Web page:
These changes cannot and will not be effected simply by legislative fiat. It is incumbent upon the gatekeepers of capital – the fiduciaries that make the decisions about allocating capital – to bring discipline to the system. This will require a rethinking of their priorities and a willingness to add to their investment calculus considerations that exceed their own narrow interests about short-term investment returns. Our system requires a new concept of fiduciary duty that encompasses systemic as well as single-firm interests, and that focuses to a greater degree on risk-adjusted returns than raw numerical returns. Obviously the forces that led to this weekend’s events have been building for many years, and the changes needed to fix the system will not be made overnight. But we should not let this occasion pass to reflect on what has occurred.

Imagine You Are On the Deck of The Titanic (Because You Are)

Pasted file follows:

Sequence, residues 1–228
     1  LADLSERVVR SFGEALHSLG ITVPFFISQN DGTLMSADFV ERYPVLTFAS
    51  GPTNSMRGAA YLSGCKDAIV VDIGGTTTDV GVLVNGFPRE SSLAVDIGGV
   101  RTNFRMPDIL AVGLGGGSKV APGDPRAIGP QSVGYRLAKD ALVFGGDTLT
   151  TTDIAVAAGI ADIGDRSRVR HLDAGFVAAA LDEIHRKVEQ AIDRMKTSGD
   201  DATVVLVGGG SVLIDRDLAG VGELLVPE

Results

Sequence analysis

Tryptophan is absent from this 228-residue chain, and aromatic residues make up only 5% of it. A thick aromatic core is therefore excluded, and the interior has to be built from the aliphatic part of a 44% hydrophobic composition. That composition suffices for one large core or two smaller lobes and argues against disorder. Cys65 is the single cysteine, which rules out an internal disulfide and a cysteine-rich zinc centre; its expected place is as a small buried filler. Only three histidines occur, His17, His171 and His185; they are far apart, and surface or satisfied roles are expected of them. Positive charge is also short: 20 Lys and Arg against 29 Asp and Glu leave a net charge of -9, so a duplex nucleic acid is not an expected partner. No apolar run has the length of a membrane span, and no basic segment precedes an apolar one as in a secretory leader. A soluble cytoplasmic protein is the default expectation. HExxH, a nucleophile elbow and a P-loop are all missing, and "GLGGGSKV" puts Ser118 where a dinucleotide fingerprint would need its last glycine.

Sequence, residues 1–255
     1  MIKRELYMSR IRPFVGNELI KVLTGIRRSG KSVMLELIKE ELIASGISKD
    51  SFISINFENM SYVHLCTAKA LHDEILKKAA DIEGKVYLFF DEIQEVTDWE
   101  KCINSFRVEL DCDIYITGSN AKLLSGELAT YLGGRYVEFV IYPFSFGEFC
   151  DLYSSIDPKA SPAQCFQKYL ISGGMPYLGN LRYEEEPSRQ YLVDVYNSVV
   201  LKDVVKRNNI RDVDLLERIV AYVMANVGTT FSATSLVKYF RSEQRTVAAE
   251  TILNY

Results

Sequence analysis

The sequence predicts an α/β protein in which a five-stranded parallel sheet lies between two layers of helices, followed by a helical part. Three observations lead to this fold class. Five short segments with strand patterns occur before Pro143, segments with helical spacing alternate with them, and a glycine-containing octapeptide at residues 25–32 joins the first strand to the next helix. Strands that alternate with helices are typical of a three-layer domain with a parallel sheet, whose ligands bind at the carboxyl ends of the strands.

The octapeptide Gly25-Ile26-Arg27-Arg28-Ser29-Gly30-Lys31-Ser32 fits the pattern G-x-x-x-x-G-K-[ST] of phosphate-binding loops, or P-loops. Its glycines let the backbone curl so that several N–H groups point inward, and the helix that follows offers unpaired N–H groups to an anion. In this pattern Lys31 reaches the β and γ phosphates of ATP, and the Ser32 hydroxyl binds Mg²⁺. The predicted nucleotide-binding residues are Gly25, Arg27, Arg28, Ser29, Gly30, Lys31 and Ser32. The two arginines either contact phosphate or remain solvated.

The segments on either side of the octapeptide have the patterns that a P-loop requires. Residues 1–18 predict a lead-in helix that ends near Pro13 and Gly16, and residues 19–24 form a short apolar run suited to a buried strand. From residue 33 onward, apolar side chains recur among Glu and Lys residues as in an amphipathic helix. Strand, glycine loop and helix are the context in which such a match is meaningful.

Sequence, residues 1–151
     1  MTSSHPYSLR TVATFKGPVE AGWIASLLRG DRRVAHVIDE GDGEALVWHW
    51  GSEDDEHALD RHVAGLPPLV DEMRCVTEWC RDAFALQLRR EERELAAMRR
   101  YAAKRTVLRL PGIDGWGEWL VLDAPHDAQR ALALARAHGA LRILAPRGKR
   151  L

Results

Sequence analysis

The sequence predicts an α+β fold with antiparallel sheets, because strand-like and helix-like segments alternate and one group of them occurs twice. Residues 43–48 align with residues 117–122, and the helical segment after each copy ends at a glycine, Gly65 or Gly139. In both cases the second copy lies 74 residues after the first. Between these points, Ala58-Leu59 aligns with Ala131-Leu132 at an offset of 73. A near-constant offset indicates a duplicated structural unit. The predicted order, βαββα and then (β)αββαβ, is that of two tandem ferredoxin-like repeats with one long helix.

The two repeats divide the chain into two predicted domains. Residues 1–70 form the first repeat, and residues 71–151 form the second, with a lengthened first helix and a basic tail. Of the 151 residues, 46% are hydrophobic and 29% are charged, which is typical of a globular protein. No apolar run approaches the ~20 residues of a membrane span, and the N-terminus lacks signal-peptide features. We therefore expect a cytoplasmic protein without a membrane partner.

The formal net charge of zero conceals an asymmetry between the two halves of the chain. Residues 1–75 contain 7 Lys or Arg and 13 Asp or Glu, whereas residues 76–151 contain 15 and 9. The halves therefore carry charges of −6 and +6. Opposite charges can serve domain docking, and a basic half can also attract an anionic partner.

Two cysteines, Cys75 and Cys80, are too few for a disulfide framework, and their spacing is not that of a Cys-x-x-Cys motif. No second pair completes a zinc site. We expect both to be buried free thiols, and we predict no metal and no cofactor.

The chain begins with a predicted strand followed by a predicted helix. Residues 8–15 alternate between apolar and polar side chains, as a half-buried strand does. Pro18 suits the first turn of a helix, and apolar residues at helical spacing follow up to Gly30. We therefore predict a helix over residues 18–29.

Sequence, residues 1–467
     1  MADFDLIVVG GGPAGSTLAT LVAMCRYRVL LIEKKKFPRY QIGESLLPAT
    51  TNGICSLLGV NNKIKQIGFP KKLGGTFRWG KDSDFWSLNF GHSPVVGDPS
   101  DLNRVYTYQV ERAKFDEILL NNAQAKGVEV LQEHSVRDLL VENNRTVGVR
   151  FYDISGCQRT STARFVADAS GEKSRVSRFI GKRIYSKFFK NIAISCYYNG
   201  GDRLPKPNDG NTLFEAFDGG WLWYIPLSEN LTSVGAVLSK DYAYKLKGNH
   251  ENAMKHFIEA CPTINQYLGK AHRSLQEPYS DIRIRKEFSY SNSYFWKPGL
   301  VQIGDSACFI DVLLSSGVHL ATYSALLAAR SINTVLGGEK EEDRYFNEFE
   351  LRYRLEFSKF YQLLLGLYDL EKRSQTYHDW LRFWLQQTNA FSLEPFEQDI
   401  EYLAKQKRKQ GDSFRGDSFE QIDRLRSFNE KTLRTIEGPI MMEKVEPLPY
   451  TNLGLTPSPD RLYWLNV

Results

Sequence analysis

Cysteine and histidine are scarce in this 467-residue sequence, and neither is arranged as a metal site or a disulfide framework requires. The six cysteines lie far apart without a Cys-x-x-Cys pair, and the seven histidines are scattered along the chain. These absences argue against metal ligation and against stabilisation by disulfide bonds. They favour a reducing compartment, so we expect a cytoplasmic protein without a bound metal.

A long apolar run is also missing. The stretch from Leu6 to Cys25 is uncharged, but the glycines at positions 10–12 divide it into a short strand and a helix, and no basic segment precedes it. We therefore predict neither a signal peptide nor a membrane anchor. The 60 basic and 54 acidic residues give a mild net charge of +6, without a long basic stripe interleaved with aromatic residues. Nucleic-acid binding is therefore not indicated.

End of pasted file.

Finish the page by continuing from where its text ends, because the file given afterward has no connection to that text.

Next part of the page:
It is clear to us that the Federal Reserve and United States Treasury are not underestimating the enormity of the crisis. Continuing to write checks to bail out the private sector would have been the wrong decision, but the fallout is going to be severe. The next domino to fall may be the insurance giant, American International Group, Inc. (AIG), which is facing credit rating downgrades that will force it to post more collateral (that it doesn’t have )on a large volume of credit insurance contracts. AIG is a much larger systemic threat than Lehman Brothers ever was, so this situation is profoundly serious. In HCM‘s judgment, investors should not try to pick a bottom in today’s or this week’s market. The market is going to experience extraordinary volatility today and over the immediate future. Play the market at your own risk and only with money you can afford to lose. The indices are heading significantly lower, as we have previously forecast. Gold, short-term U.S. Treasuries, short-term Swiss and German government paper, the Swiss franc, and certain Asian currencies like the Singapore dollar are the safest places to park your cash for the moment. The U.S. dollar continues to be debased (less against the Euro, which remains compromised, than against Asian currencies and the Swiss franc), particularly by the startling and historic decision by the Federal Reserve to accept equity securities at its discount window. If nothing else, that decision alone suggests the enormity and depth of the crisis we are facing. We never thought we’d live to see the day that the American central bank would accept equity as collateral for loans. We have to admit that took us by surprise and made us very nervous.